The opinion of the court was delivered by: Ramon E. Reyes, Jr., U.S.M.J.
Plaintiff Siew Lian Rivera ("plaintiff"or "Rivera") brought this action alleging violations of the Fair Labor Standards Act, 29 U.S.C. § 216(b) ("FLSA"), New York Labor Law, Articles 6 and 19 ("Labor Law"), New York State Human Rights Law, Executive Law §§ 290 et seq. ("Human Rights Law"), and the Administrative Code of the City of New York §§ 8-101 et seq. ("Administrative Code"), as well as asserting the following common law claims: battery, intentional infliction of emotional distress, negligent retention and supervision of a supervisor, and negligent infliction of emotional distress.
Before this Court is Ndola Pharmacy Corp.'s ("Ndola Pharmacy"), Ndola Holding LLC's ("Ndola Holding"), Khandubhai Patel's ("K. Patel"), Natvar Patel's ("N. Patel"), Madhusudan Patel's ("M. Patel"), and Abdoul Hameed's ("Hameed") motion for partial summary judgment and to remand certain state law claims. Also before this Court is defendants Ndola Pharmacy's, Ndola Holding's, K. Patel's, and N. Patel's motion to amend the answer and, upon amendment, dismiss plaintiff's claims arising that arose prior to her discharge from bankruptcy, and to dismiss the complaint with respect to defendants Ndola Holding, K. Patel, and N. Patel. The parties have consented to have me decide these motions pursuant to 28 U.S.C. § 636(c)(1).
For the reasons set forth below, defendants' motion for partial summary judgment is denied and the motion to "remand" is granted in part and denied in part.*fn1 The motion to amend the answer and dismiss plaintiff's claims prior to her discharge from bankruptcy is granted in part and denied in part. The motion to dismiss the claims against defendants Ndola Holding, K. Patel, and N. Patel is granted in part and denied in part.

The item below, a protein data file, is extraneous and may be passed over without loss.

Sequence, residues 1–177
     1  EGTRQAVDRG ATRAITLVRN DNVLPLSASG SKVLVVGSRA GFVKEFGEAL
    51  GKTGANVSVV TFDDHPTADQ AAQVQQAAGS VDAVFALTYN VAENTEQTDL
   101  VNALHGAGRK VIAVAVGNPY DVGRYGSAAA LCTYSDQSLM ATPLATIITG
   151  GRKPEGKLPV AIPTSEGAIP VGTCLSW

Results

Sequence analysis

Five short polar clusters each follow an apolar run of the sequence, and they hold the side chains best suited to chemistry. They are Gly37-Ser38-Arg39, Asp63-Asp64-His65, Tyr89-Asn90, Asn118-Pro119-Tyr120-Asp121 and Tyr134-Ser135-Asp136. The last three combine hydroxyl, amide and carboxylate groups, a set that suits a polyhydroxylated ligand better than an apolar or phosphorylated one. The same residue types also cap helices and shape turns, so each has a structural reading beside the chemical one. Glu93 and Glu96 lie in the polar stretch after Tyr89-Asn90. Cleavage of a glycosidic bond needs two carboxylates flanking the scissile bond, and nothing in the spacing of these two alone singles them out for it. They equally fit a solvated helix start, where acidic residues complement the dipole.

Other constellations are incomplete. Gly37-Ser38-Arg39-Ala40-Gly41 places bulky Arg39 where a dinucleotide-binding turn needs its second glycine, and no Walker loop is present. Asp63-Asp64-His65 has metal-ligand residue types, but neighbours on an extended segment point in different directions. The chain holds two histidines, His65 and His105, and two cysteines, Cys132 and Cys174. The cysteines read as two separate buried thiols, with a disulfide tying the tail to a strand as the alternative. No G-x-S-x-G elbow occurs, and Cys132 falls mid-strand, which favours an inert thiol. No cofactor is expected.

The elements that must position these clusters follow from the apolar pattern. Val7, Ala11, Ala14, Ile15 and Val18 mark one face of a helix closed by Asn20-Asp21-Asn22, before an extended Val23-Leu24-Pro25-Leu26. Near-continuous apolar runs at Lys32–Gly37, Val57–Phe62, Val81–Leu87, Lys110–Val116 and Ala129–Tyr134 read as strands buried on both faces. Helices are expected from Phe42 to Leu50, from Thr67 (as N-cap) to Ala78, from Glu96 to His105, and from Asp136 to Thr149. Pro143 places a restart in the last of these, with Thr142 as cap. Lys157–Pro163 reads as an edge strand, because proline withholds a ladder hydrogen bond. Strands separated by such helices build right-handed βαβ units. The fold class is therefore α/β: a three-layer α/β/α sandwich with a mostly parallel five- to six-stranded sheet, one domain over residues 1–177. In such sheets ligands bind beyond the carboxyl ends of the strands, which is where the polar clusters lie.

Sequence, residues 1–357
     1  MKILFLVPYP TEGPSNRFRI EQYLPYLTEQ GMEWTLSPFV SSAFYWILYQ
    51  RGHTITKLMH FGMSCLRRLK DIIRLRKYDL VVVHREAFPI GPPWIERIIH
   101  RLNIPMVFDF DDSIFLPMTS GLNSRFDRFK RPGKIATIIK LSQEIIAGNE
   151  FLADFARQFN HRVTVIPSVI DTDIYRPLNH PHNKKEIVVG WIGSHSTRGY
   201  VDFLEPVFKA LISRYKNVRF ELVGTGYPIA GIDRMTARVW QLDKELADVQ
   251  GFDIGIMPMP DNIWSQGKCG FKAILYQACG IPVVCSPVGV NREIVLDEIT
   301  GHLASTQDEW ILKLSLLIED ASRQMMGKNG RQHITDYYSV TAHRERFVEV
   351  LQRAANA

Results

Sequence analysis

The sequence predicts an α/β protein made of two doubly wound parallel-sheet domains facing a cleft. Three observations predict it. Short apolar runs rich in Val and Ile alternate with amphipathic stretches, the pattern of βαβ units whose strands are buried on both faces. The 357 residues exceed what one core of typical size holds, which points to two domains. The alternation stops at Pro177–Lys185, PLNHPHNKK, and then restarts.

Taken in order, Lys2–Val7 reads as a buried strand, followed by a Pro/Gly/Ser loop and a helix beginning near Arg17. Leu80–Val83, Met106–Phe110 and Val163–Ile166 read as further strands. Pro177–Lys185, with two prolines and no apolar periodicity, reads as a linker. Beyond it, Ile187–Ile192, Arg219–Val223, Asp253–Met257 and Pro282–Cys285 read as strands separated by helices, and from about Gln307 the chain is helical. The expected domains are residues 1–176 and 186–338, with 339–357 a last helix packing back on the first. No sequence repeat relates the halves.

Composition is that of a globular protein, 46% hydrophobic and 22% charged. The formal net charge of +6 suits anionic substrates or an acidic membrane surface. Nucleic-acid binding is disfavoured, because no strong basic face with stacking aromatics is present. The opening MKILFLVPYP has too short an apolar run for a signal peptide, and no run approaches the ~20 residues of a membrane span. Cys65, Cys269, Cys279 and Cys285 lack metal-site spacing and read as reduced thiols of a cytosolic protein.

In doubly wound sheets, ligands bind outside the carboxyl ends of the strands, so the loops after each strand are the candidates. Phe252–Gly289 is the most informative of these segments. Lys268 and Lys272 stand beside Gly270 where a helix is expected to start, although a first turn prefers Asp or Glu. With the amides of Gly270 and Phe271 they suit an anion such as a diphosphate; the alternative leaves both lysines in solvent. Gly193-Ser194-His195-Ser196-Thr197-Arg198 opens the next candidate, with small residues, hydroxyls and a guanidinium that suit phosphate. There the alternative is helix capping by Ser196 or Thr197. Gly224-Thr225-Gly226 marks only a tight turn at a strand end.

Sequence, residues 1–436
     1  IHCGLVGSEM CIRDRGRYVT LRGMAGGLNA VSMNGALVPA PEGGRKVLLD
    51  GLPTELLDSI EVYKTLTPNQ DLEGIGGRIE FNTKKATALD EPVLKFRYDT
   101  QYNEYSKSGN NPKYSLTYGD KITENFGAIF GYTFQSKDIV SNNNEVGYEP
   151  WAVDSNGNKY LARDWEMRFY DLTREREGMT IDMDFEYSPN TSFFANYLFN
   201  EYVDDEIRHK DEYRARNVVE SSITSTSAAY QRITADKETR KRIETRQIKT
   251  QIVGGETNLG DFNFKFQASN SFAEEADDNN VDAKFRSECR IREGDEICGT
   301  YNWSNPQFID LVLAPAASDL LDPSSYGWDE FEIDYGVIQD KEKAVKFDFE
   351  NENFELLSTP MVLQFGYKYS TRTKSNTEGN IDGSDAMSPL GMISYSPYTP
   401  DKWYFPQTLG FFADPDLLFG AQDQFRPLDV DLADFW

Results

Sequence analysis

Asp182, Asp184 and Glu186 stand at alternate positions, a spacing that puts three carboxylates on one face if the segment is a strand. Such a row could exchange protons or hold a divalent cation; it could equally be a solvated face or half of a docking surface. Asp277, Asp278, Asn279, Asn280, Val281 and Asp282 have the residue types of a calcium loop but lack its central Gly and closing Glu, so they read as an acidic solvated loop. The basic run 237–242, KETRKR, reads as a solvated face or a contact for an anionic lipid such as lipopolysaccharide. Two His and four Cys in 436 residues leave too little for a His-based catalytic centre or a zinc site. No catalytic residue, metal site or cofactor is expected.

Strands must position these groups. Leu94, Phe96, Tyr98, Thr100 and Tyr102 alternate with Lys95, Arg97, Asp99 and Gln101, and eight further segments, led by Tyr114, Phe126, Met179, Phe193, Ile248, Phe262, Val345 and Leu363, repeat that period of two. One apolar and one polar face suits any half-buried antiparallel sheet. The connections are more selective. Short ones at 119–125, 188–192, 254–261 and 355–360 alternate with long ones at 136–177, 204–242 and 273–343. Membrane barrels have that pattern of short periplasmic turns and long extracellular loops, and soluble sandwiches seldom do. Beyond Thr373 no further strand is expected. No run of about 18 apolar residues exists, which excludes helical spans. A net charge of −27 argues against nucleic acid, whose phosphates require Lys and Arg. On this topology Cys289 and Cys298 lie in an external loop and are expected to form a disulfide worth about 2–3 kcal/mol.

From 1999 until January 2006, plaintiff was employed by Ndola Pharmacy. Defs' 56.1 Stmt ¶ 1; Plaintiff's Response to Defendants' Rule 56.1 Statement of Undisputed Material Facts ("Pl's 56.1 Response") ¶ 1. Plaintiff was never employed by Ndola Holding, a limited liability company that was incorporated separately from Ndola Pharmacy and that files its taxes separately. Defs' 56.1 Stmt ¶¶ 3-5; Pl's 56.1 Response ¶¶ 3-5. Plaintiff's W-2 forms were issued solely by Ndola Pharmacy. Defs' 56.1 Stmt ¶ 6; Pl's 56.1 Response ¶ 6.
Plaintiff alleges that she regularly worked more than 40 hours a week during the entire period of her employment without receiving compensation for her overtime hours. Complaint ¶¶ 19-20. She alleges that at the time her employment ended, she made $500 a week. Id. ¶ 18. She further alleges that N. Patel increased her wages as a result of her agreement to accompany him to breakfast and lunch. Id. ¶ 25. According to plaintiff, N. Patel began sexually harassing her, in part during these meetings, by repeatedly attempting to have sex with her, hugging her against her will, and sending her gifts and cards. Complaint ¶¶ 26-31. Sometime in 2003, N. Patel discovered plaintiff had a boyfriend and discontinued his advances. Id. ¶ 32.